Tissue Engineering 

The development of advanced biomaterials is a crucial step to enhance the efficacy of tissue engineering strategies for treatment of myocardial infarction. Specific characteristics of biomaterials including electrical conductivity, mechanical robustness and structural integrity need to be tuned to promote the functionalities of cardiac cells. In the Nikkhah lab, they have developed a new class of biomaterial scaffolding comprised of electrically conductive gold nanorods (GNRs) incorporated with photocrosslinkable gelatin-based hydrogel (GelMA) for engineering cardiac tissues with synchronous functionalities. GNRs bridge the electrically insulated matrix of gelatin hydrogel, which leads to enhanced propagation of electrical signal within the cardiac patch and consequently promotes the electromechanical cell-cell coupling. 


Injectable biomaterials offer a minimally-invasive approach to deliver cells into the myocardial infarct region to maintain a high level of cell retention and viability, and initiate the regeneration process. In the Nikkhah lab in conjunction with Dr. Vernon’s lab, they have developed a biohybrid temperature-responsive poly(N-isopropylacrylamide) PNIPAAm–Gelatin-based injectable hydrogel with excellent bioactivity as well as mechanical robustness for cardiac tissue engineering. They have also incorporated QK, a VEGF-mimetic peptide, to the PNIPAAm-Gelatin backbone to promote vasculogenesis within the infarcted myocardium. The results from both labs demonstrated that PNIPAAm-Gelatin-QK hybrid hydrogel provided an excellent microenvironment to enhance the retention and viability of cardiac cells along with promoting vasculogenesis and regeneration of the injured myocardium. 

Disease Modeling On-a Chip and Tumor Microenvironment Models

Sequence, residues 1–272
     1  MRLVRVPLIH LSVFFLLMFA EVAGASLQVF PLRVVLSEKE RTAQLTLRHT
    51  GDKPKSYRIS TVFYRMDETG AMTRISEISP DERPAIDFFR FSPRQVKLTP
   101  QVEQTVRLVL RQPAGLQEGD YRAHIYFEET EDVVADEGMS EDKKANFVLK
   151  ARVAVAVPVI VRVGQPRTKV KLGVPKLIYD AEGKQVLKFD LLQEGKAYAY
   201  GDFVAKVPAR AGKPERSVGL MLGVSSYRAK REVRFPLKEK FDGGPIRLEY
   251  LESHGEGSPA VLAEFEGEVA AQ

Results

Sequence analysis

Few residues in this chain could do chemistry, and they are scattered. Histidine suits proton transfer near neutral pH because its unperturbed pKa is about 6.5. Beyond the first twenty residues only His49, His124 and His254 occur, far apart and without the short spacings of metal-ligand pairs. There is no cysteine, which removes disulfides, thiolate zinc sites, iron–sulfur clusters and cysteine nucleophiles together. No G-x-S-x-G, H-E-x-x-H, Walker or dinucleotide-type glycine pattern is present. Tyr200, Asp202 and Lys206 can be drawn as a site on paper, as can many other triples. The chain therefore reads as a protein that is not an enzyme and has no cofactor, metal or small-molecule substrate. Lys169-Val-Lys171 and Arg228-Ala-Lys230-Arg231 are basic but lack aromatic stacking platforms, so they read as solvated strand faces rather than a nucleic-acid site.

Cancer is one of the leading causes of death globally according to the World Health Organization. Although improved treatments and early diagnoses have reduced cancer related mortalities, metastatic disease remains a major clinical challenge. The local tumor microenvironment plays a significant role in cancer metastasis, where tumor cells respond and adapt to a plethora of biochemical and biophysical signals from stromal cells and extracellular matrix (ECM) proteins. In the Nikkhah lab, they have been developing a robust in vitro three-dimensional (3D) models to study the interactions between tumor and stroma. The lab uses two approaches by developing a high-density tumor array for high-throughput screening and a microfluidic platform for precise control of the tumor microenvironment. The high-density tumor array in our lab was used to investigate the effect of matrix stiffness on different cancer cell lines (MDA-MB-231, MCF-7, MCF10a). In addition, they incorporated cancer-associated fibroblasts (CAFs) to study their effect on breast cancer dispersion. Most importantly within this model, ECM remodeling was assessed using confocal imaging and atomic force microscopy (AFM) in the absence and presence of CAFs.